news Software giant Microsoft this morning revealed racing specialist V8 Supercars had adopted its Office 365 software as a service productivity suite, citing the fact that it had outgrown its previous IT platform and needed room for expansion.
According to V8 Supercars (in a statement issued by Microsoft), the organisation is considered to be the premiere motorsport category in Australia as well as one of the country’s fastest growing motorsports. It hosts ongoing events in Australia, as well as overseas races in New Zealand and the US. Because of this situation, at any point in time the company could have employees both in Australia as well as in far-flung locations globally.
“As a business we are operating in multiple locations, pretty much 24/7 during race season,” said David Malone, CEO, V8 Supercars. “Last year it became clear to us that we needed to transform our business while at the same time ensuring that our workforce was connected both in Australia and abroad. There’s thousands of stakeholders involved in the V8 Supercar Championship, and we need to be leading the category into the next era. Office 365 is going to help us get there.”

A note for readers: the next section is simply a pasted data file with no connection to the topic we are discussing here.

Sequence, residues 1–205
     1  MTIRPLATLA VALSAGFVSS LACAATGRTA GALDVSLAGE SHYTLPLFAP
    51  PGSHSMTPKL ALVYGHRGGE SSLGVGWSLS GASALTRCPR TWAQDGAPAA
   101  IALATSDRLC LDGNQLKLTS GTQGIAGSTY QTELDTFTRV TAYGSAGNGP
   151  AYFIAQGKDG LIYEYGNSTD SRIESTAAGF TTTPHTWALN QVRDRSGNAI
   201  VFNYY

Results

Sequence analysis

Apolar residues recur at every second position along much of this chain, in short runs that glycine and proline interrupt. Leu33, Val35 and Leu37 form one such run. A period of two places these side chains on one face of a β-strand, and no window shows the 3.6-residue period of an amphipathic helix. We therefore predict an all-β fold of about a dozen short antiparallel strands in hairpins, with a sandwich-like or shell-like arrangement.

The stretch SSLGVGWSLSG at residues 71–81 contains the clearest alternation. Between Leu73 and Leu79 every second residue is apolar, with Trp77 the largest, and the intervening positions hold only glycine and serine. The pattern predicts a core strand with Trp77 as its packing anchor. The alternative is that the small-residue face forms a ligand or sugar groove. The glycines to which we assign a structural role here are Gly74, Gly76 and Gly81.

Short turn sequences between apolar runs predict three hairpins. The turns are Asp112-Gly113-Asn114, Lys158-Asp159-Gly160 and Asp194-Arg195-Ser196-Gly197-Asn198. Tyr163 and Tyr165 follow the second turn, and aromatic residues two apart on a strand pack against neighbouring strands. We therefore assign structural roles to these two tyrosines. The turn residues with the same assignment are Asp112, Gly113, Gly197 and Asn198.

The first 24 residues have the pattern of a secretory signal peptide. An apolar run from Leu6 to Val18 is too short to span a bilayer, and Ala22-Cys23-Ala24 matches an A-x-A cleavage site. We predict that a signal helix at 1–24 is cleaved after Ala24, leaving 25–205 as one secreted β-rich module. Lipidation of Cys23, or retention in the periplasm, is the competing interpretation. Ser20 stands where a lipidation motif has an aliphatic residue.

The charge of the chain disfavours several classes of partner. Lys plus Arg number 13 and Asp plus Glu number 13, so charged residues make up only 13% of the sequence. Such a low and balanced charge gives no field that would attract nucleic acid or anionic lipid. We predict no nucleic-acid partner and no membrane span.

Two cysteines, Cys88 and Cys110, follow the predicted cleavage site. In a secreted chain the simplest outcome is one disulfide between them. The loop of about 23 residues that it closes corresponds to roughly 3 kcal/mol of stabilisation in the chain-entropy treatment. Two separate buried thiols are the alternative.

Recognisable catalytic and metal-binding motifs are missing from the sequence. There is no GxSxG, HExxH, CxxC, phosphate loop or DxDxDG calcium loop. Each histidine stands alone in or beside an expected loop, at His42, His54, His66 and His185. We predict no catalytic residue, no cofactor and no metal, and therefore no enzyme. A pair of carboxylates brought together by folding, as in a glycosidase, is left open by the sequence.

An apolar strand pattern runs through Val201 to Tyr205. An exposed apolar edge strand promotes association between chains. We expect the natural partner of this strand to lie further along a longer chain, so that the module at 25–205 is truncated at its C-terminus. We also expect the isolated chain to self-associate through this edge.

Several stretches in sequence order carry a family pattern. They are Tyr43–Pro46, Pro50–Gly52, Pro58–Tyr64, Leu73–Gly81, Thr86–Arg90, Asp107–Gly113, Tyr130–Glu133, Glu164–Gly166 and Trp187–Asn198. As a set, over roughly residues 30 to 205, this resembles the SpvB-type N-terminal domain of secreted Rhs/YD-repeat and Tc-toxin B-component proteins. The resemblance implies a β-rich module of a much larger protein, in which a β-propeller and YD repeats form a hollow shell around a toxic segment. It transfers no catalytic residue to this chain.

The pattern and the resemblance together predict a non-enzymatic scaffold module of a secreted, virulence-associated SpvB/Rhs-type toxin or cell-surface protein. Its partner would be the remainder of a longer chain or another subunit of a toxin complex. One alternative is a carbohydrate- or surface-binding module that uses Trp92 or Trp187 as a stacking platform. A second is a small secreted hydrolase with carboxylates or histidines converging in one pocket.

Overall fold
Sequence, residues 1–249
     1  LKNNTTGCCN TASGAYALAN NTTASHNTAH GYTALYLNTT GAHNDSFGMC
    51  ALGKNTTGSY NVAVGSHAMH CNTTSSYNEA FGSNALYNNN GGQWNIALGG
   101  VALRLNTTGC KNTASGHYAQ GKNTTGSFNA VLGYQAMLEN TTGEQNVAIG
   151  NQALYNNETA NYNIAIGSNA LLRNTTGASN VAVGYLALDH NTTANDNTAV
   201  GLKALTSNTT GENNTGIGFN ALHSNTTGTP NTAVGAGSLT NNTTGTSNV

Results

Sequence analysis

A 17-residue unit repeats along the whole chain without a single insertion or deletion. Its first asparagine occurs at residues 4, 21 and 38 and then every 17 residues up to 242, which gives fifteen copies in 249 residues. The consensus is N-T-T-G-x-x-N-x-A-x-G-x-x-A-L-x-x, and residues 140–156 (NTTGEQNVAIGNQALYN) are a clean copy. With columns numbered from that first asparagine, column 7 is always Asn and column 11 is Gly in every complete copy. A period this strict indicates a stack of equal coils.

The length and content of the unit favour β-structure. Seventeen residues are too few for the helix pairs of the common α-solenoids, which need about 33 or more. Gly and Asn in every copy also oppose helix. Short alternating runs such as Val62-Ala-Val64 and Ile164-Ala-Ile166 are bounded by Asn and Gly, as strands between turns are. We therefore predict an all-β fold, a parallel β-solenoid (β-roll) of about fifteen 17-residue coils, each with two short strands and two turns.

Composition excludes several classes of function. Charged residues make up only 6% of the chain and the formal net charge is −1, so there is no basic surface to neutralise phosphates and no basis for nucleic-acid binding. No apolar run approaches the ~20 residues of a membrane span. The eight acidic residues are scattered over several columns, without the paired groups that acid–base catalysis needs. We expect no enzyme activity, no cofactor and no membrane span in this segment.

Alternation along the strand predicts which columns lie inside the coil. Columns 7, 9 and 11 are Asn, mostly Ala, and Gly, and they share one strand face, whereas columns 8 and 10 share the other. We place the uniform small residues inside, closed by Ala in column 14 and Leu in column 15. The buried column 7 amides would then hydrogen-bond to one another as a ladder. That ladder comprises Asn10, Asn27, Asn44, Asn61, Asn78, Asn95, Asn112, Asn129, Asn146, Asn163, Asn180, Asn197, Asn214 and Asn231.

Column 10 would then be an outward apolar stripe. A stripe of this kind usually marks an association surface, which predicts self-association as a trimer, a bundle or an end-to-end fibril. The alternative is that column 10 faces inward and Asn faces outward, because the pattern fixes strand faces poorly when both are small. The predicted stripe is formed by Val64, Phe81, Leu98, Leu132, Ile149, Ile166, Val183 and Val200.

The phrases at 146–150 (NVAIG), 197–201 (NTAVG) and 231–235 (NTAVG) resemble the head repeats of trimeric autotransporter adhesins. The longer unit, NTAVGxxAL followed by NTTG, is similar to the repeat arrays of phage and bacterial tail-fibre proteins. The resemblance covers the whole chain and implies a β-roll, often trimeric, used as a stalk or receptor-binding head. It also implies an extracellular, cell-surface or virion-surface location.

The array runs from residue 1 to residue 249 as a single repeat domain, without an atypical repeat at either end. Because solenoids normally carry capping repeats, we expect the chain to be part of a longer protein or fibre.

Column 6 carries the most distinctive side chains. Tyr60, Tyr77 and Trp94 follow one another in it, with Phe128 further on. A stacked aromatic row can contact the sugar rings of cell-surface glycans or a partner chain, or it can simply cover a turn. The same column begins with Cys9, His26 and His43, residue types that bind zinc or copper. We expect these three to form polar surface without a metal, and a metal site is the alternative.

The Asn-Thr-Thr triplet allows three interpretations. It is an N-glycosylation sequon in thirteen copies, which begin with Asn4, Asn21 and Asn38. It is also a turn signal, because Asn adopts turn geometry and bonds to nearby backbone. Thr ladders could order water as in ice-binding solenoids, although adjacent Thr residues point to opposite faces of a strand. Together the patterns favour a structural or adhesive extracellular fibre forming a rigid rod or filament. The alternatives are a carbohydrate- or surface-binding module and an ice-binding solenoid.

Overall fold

The company currently employs some 70 full-time staff, but also has a network of about 1,600 contractors and volunteers to help manage race teams, events and broadcasts to over 130 countries and online. At any given time, V8 Supercars has up to 600 people onsite and over 1000 volunteers.
“Being able to connect our employees securely to their email as well as their necessary documents is key to our global growth plans,” said Peter Trimble, the company’s director of Finance and Systems. “Our business runs primarily on contracts and intellectual property and now we can have multiple people accessing and collaborating on a single document in real time, from almost anywhere.”
“We are extremely cost-conscious and saw that moving to Office 365 wouldn’t cost more than maintaining our old systems, allowing us to stop worrying about server upgrades and provide a solid and consistent platform for our whole team now and support growth in future.”